Film Society Lincoln Center brings “cinema of resistance” to its programming calendar, an unearthed look at films that function as political protests and calls to arms. From regions far and wide, the films encapsulated within this series examine some of the more commercially viable Western conflicts (Vietnam War and Occupy Wall Street) and other disputes that have gone under the coverage radar (centuries old land dispute in Quebec, the French colonization of the Caribbean islands).
Divorced from their tempestuous origins, resistance cinema can and should be re-examined through a slightly different lens than it would have been upon release. Rather than becoming swept up in the film’s zeitgeist, a logical consequence, the audience should now look at how well the director contextualizes their protest and how the film functions on a purely formal level. In this re-evaluation, an inevitable question arises: if a film works by capturing lightning in a bottle, inspiring political participation or interest, but then fails as either an enduring historical document or an interesting piece of filmmaking, does it still work? Can a politically motivated film, be it an issue/agenda documentary or a piece of resistance cinema, be re-discovered with as much enthusiasm?
The marquee name in the programming is Far From Vietnam, an omnibus treatise on the eponymous conflict from the perspective of foreigners removed from action, as shot by the French New Wave cadre of Jean-Luc Godard, Alain Resnais, Agnes Varda, Joris Ivens, and edited by Chris Marker. With all that pedigree, you’d expect some insight and formal invention, especially given the charged nature of the content. For the most part the filmmakers comply, to varying degrees of excitement. One of the film’s first proclamations is “to show solidarity with the Vietnamese struggle,” a rather obvious statement that probably didn’t need to be articulated, but nevertheless signals that this is, indeed, a film with a purpose.
Despite its episodic structure, Far From Vietnam presents a mostly coherent vision of protest. The best of it captures impassioned polemical discourse from both sides, whether at rallies or in casual street conversations. Though these vignettes are filmed by French filmmakers, they never feel like casual ethnographies; these views are felt around the world, including by the filmmakers themselves. There are heartfelt pieces of black and white documentary footage weaved throughout, very much in the vein of Resnais’s Holocaust remembrance Night and Fog. He is not responsible for them, instead offering the film’s clear low-point – a pretentious, fictionalized monologue starring actor Bernard Fresson that clashes with the rest of the film’s patchwork structure.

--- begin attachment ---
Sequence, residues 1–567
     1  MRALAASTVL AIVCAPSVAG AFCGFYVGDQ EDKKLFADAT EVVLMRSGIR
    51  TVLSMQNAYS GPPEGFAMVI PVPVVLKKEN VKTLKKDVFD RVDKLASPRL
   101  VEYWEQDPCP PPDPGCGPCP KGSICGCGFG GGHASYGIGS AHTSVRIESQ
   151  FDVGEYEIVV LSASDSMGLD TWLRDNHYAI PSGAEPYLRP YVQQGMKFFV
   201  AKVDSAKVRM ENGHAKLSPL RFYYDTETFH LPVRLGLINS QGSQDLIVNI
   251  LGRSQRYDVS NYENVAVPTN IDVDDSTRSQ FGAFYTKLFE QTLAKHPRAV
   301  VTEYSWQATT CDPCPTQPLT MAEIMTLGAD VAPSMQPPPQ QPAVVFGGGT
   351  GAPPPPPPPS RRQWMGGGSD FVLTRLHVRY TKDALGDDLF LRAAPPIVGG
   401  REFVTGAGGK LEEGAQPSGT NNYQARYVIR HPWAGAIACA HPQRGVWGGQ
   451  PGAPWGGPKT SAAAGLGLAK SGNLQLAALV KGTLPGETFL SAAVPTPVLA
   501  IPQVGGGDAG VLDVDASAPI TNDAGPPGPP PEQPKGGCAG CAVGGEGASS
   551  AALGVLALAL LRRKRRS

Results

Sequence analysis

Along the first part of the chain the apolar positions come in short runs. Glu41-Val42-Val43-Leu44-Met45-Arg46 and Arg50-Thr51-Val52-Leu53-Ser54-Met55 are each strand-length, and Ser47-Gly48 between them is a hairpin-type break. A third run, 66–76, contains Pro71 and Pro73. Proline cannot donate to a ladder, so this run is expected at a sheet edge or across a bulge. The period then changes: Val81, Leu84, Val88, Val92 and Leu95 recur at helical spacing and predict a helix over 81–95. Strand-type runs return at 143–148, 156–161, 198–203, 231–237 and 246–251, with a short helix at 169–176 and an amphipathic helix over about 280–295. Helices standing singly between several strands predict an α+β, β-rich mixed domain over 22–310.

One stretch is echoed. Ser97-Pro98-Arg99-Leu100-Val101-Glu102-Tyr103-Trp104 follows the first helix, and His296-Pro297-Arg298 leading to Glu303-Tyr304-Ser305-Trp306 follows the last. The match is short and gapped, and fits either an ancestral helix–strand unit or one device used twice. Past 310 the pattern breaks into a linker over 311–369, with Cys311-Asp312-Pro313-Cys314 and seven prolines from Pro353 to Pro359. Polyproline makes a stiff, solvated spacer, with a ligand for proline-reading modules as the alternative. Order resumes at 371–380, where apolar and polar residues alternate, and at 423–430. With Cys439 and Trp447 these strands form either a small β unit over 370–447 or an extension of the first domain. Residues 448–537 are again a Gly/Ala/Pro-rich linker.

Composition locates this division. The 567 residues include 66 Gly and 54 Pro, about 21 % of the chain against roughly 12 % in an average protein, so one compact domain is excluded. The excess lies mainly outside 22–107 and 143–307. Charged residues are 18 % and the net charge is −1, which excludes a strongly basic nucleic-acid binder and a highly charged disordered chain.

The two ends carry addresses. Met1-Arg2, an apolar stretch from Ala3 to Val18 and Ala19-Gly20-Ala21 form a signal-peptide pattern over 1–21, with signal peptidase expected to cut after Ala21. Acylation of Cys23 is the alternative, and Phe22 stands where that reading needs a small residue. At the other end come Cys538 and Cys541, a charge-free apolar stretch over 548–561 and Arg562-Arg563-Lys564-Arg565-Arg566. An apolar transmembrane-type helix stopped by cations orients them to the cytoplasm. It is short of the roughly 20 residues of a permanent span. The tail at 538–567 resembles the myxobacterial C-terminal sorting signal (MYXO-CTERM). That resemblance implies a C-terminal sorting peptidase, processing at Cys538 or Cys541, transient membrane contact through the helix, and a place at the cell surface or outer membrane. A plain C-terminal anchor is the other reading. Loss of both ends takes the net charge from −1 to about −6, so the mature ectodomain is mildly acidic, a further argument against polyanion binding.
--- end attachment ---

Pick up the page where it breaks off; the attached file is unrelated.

Godard’s contribution, surprisingly, is direct and moving. Vietnamese government denied his requests for entry, so he laments the war from afar the only way he knows how, from behind the lens. He speaks eloquently about his investment in the conflict, vowing to instill political ideals into his following works. His words rang true, as his next phase was also his most political. In all, the film’s legacy remains intact some 45 years after its initial release, mostly due to its passionate yet never dogmatic pleas and unique perspective.
If Vietnam is the A-list draw (it’s receiving a theatrical run at FilmLinc following this series), Med Hondo’s visionary West Indies: The Fugitive Slaves of Liberty is the standout discovery. Filmed on a single expansive, versatile stage, Hondo’s film charts Centuries-long French colonization of the West Indies islands that border the Caribbean Sea. Through the continual transformation of an elaborate stage and an inspired cast, Hondo traverses historical regimes and oppression, creating a wholly unique cinematic parable that deftly combines aspects of the American musical, interpretive dance, and Brechtian dramaturgy.
Few films can telegraph their educational purpose while retaining their uncompromised entertainment value. Perhaps it’s because Hondo creates such a singular viewing experience, but his scathing re-contextualization of history plays as an entirely earned endeavor. Regardless of the period, there’s a beautiful interplay between the indigenous populations and the foreign rulers, a tenuous relationship that sways throughout history.
What makes these films stand out is that they’re great films, not just passion projects surrounding a heated topic. They work on a variety of levels, and most of all they never sacrifice quality for topicality. Hondo’s film in particular deserves a bit of canonization.
Other titles of note include Rene Vautier’s To Be Twenty In the Aures, a scathing indictment of the Algerian war, Robert Kramer’s 16mm Ice, billed as an “unclassifiable thriller” about revolutionaries, and Joris Iven’s The 17th Parallel.
The “Cinema of Resistance” series runs August from 23rd through the 29th.